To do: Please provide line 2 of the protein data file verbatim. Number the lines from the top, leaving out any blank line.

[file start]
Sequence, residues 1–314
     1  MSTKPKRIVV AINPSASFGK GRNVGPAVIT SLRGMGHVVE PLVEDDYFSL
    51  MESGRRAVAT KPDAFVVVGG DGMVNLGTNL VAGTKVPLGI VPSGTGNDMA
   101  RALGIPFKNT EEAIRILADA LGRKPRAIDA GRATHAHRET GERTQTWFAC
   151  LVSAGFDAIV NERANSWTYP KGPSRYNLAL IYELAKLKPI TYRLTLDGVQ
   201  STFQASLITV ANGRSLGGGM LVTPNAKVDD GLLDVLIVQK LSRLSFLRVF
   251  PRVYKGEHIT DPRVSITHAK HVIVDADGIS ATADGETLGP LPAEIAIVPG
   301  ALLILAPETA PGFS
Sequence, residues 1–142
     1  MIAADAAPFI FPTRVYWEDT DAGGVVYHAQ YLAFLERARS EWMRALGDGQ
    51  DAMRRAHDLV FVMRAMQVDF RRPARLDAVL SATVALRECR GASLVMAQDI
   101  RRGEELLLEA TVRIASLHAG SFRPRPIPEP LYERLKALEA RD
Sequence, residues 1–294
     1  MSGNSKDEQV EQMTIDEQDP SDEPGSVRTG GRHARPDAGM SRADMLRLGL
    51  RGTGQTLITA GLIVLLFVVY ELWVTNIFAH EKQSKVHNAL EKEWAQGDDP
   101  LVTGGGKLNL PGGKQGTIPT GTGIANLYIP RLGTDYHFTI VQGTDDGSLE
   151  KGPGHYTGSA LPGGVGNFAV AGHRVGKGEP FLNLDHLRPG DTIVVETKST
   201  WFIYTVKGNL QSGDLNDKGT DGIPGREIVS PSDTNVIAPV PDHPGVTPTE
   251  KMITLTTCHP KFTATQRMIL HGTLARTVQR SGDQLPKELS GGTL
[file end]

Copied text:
     1  MSTKPKRIVV AINPSASFGK GRNVGPAVIT SLRGMGHVVE PLVEDDYFSL